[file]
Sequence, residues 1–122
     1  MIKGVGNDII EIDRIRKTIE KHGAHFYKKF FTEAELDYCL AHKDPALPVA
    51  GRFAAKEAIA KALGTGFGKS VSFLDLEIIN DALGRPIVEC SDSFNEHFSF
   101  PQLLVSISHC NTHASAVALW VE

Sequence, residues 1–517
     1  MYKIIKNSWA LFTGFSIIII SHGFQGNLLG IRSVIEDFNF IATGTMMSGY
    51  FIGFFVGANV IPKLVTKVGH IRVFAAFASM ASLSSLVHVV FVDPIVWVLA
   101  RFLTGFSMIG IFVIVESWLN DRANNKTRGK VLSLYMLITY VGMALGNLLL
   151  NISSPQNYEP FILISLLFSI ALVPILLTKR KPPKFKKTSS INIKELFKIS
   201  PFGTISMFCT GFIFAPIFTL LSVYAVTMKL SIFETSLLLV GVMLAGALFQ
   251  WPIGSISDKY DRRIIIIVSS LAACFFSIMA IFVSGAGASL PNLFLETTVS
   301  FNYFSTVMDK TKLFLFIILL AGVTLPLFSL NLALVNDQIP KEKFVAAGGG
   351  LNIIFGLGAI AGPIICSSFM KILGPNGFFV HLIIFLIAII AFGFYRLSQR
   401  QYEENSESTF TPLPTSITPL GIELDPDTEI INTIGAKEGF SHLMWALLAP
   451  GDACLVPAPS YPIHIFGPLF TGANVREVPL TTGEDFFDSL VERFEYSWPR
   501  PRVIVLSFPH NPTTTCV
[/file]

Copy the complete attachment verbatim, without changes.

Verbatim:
Sequence, residues 1–122
     1  MIKGVGNDII EIDRIRKTIE KHGAHFYKKF FTEAELDYCL AHKDPALPVA
    51  GRFAAKEAIA KALGTGFGKS VSFLDLEIIN DALGRPIVEC SDSFNEHFSF
   101  PQLLVSISHC NTHASAVALW VE

Sequence, residues 1–517
     1  MYKIIKNSWA LFTGFSIIII SHGFQGNLLG IRSVIEDFNF IATGTMMSGY
    51  FIGFFVGANV IPKLVTKVGH IRVFAAFASM ASLSSLVHVV FVDPIVWVLA
   101  RFLTGFSMIG IFVIVESWLN DRANNKTRGK VLSLYMLITY VGMALGNLLL
   151  NISSPQNYEP FILISLLFSI ALVPILLTKR KPPKFKKTSS INIKELFKIS
   201  PFGTISMFCT GFIFAPIFTL LSVYAVTMKL SIFETSLLLV GVMLAGALFQ
   251  WPIGSISDKY DRRIIIIVSS LAACFFSIMA IFVSGAGASL PNLFLETTVS
   301  FNYFSTVMDK TKLFLFIILL AGVTLPLFSL NLALVNDQIP KEKFVAAGGG
   351  LNIIFGLGAI AGPIICSSFM KILGPNGFFV HLIIFLIAII AFGFYRLSQR
   401  QYEENSESTF TPLPTSITPL GIELDPDTEI INTIGAKEGF SHLMWALLAP
   451  GDACLVPAPS YPIHIFGPLF TGANVREVPL TTGEDFFDSL VERFEYSWPR
   501  PRVIVLSFPH NPTTTCV